Operational transconductance amplifier
A transconductance amplifier ( OPV or VC- VC- OP), also called the Operational Transconductance Amplifier (OTA), is a special operational amplifier, which converts the differential voltage at the two inputs into a proportional output current. Typically, it is, like all operational amplifier implemented as an integrated circuit.
In contrast to traditional operational amplifier with low impedance voltage output of the transconductance amplifier has a high-impedance current output.
Other differences to the operational amplifier with voltage output are:
A resultant characteristic is that allows an OTA build analog circuits such as analog filters without ohmic resistors. Ohmic resistors with corresponding accuracy depend on manufacturing processes are difficult to achieve in integrated circuits. Therefore OTAs play as a basic element in programmable analog circuits such as Field Programmable Analog Array ( FPAA ) play a role.
The first transconductance amplifier CA3080 was produced in 1969 by the company RCA. OTAs are available today with improved data by different manufacturers. Examples are the LM13700 from National Semiconductor or the LT1228 from Linear Technology. As a stand-alone circuit of the OTA, but does not have the same meaning as the operational amplifier output voltage.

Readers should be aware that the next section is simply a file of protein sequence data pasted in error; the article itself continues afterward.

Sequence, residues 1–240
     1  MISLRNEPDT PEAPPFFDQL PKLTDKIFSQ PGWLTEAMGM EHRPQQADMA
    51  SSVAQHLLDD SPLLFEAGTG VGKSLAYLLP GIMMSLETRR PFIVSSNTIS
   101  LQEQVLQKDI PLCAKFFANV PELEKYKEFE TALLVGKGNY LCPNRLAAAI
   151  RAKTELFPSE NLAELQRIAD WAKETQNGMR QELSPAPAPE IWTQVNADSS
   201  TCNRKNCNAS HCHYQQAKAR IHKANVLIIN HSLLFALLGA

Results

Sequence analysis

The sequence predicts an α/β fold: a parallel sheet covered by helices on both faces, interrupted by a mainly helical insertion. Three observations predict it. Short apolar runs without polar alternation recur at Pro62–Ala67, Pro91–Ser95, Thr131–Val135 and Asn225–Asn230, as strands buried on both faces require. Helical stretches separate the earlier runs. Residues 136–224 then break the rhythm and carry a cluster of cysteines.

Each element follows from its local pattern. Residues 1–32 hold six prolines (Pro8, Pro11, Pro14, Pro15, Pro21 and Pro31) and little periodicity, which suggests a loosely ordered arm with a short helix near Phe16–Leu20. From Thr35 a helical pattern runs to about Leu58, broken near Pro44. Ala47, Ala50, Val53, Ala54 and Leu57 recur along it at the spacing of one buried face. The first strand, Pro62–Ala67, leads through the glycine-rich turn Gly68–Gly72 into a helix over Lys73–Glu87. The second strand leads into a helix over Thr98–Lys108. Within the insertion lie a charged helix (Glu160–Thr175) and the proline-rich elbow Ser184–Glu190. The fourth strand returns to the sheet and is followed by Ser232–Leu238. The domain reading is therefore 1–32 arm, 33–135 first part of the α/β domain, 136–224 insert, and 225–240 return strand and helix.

The basic function is given by:
To the output current Ia input differential voltage UD and the transconductance and transconductance gm with the dimensions of a conductance.
An output voltage Vout can be obtained by an externally load resistance Ra:
The voltage gain G is thus given as:
The conductance gm of the amplifier can be adjusted typically about three to four decades. For this, a, is provided in the circuit symbols usually not shown, own control input can be adjusted at the IABC, the operating point with a control current. The commonly used data sheets and technical literature Index ABC stands for Amplifier Bias Current and has the transconductance following relationship:
The temperature thereby occurring voltage UT has a value of approximately 25 mV at room temperature.